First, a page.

Changes in your appetite and sleep schedule are extremely common in the first 30 days of recovery. Over the course of a few weeks, you should even out in these areas, and you’ll start to feel better physically. Give it time, and stay close to your fellowship.
No discussion of the first 30 days of sobriety would be complete without discussing the new relationships and bonds that form in those early weeks. If you’re attending meetings regularly, or participating in an alternative peer group of some sort, you’ll undoubtedly have people in recovery reach out to you early on.
When doing drugs, it’s normal to be guarded, suspicious, and skeptical of new people. In recovery, it’s the opposite: the people reaching out to you will often be warm and welcoming. They will offer to help you in various ways.
Remember that all the new people you’re meeting have been through what you’re going through. In general, they just want to help, and see you succeed. Let them help!
The first 30 days of recovery can be really tough, but there are certainly ways to make it easier. Here’s a few pointers that we’ve found helpful over the years:
As much as it’s tempting to argue this point, all of us are influenced by our surroundings – the people we associate with, the places we go, the music we listen to, the movies we watch, and much more!
During those first 30 days, surround yourself with positive, sober peers, and avoid parts of town you used to get high in (if possible), and try to watch the messaging you’re sending your brain with the entertainment choices you make.
Remember that early recovery doesn’t last forever! There’s plenty of time in the future to discover where and how you want to reconnect into the world. For now, it’s best to play it safe and surround yourself with recovery-related positive influences.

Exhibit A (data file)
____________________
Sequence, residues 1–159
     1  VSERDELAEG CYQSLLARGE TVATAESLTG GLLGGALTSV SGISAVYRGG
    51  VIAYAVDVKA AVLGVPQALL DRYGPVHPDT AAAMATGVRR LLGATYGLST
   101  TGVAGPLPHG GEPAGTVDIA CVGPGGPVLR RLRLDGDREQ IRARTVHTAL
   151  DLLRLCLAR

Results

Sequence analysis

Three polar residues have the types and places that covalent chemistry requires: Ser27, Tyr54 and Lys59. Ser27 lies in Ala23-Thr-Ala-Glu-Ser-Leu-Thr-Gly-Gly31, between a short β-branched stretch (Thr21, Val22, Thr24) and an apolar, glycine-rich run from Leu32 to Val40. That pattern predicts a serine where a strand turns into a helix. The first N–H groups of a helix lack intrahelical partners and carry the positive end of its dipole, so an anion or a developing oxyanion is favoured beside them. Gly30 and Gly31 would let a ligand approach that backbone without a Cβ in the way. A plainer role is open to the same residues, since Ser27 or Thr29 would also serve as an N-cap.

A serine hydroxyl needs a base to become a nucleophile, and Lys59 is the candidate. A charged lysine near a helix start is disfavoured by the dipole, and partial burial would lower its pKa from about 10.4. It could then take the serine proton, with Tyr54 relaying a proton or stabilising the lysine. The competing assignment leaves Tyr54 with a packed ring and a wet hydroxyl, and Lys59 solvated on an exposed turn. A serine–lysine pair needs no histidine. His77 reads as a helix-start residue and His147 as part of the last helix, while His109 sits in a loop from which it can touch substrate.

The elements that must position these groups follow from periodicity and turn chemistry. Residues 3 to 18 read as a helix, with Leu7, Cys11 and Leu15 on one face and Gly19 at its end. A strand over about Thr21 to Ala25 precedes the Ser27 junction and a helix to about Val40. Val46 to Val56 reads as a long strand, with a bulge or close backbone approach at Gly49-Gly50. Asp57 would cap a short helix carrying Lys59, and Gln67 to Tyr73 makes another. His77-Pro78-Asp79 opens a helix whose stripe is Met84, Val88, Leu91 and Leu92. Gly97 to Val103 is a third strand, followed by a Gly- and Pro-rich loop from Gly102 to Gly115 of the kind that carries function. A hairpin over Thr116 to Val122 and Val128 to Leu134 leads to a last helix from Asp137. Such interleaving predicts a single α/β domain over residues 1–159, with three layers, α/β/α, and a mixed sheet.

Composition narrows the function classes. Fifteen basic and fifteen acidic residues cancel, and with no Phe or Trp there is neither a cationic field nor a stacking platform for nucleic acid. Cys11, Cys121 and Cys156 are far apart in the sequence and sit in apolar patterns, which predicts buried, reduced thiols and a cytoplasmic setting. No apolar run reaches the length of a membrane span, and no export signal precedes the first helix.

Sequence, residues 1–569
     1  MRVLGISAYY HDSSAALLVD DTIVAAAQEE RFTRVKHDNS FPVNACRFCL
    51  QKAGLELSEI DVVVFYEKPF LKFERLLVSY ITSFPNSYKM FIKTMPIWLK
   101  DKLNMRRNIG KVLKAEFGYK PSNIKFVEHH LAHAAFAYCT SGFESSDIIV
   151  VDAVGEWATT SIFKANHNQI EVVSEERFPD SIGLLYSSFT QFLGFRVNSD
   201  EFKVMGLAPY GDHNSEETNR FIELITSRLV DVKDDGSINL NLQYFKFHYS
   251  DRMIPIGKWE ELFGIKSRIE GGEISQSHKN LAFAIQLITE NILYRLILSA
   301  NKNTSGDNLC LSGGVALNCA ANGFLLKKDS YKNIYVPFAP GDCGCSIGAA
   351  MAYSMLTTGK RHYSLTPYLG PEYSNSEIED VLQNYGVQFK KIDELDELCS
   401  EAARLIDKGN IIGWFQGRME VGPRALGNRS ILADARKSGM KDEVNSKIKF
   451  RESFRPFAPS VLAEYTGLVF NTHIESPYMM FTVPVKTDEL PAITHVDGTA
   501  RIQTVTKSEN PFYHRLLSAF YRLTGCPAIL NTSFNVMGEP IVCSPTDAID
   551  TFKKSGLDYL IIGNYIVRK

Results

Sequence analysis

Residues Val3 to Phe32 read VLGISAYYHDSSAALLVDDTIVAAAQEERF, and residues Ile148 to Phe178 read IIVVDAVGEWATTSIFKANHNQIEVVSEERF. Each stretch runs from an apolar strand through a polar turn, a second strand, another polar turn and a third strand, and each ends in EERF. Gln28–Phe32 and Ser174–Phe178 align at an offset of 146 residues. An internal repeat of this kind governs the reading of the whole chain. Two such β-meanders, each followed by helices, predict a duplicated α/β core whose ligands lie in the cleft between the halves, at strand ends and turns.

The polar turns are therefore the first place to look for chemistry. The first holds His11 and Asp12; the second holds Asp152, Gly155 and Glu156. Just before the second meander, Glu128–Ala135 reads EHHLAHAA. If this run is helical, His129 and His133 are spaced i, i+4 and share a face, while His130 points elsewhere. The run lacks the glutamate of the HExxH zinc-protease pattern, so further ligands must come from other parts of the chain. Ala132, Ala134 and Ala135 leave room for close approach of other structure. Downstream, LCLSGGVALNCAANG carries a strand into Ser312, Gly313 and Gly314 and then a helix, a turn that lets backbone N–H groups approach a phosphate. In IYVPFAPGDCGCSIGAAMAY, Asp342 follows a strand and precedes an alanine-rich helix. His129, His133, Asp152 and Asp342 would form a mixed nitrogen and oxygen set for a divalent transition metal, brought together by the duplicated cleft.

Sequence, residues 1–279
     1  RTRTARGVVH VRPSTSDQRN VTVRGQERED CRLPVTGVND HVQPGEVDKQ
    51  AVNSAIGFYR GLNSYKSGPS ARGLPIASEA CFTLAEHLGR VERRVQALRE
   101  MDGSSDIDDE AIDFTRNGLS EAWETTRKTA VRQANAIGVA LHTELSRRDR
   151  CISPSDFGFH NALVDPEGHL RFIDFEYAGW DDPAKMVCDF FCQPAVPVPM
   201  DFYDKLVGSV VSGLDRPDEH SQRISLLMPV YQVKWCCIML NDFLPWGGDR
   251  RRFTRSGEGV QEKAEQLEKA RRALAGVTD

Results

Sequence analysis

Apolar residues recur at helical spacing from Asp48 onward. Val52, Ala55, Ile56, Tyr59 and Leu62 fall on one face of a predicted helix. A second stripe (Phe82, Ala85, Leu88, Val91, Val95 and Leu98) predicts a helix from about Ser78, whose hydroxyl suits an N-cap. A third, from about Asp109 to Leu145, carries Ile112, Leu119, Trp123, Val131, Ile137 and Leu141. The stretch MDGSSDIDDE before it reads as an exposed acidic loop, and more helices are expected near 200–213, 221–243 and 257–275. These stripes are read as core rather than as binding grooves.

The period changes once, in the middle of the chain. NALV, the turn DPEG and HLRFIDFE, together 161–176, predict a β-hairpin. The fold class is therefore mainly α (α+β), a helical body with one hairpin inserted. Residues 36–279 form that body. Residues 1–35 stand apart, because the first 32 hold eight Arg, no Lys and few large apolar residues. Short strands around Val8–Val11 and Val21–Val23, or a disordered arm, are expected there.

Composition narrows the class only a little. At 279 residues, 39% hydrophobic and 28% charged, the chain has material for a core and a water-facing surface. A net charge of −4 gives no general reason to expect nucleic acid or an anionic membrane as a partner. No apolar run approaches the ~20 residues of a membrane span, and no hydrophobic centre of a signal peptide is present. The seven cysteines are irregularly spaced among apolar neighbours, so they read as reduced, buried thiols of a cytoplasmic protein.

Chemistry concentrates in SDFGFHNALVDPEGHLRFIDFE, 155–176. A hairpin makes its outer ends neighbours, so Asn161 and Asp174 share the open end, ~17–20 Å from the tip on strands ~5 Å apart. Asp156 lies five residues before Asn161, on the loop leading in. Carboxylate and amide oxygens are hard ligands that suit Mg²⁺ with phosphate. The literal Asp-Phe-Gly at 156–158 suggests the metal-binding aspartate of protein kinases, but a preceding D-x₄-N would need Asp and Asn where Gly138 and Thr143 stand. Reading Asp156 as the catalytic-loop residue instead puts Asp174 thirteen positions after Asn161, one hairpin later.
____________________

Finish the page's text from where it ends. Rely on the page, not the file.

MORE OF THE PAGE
Getting a sponsor and beginning to find some regular meetings to go to are invaluable. In fact, it’s often recommended in 12-step circles to attend a meeting a day for 90 days!
Finding a daily meeting to attend will give you plenty of access to people who can help, as well as provide a daily outlet for you. It can also provide you with access to many different viewpoints and solutions to the hurdles you’ll face along the way.
Remember, you’re deciding to change your life in a variety of ways. Whether you’re in a treatment program, 12-step fellowship, or other support group, you’ll be receiving lots of suggestions from those around you about how to proceed, and how to take each step. The benefits of some of these suggestions may not always be obvious at first glance.
Keeping an open mind is essential in the first 30 days. Remember, if you get 30 days and don’t like recovery, you can always go back to your old way of life. In general, there’s no downside to giving recovery a real shot at working. However, if we close our mind to certain suggestions, we can shoot our chances of seeing the benefits in hindsight.
As we’ve discussed elsewhere, having fun in recovery is extremely important and can really make the difference for some people. We’re big proponents of alternative peer groups, if you can find one in your area. Regardless, one doesn’t have to look too far in the recovery world to find a group of sober, fun individuals who are involved in all sorts of activities, some recovery related and some not.
While it’s easy to look at early recovery as doom and gloom, it truly doesn’t have to be that way. You’re making a change that will positively affect every area of your life! That’s a great reason for celebration.
Remember, your feelings will catch up to your actions, and you’ll feel more energetic over time. For now, relax, stay close to your recovery community, and enjoy the ride.
Getting sober from an alcohol addiction or substance use disorder is a huge accomplishment, and the first 30 days are crucial. If you or someone you know is struggling with addiction, remember that help is available. There are many resources out there to get you through this difficult time.
For more information on the sober life, take a look through the rest of our articles. If you’re in the Phoenix, Atlanta, Kansas City, or Denver area and would like to discuss more about how to begin your recovery journey, please reach out to us. We would love to speak with you, and help you on your journey!BACK TO LIST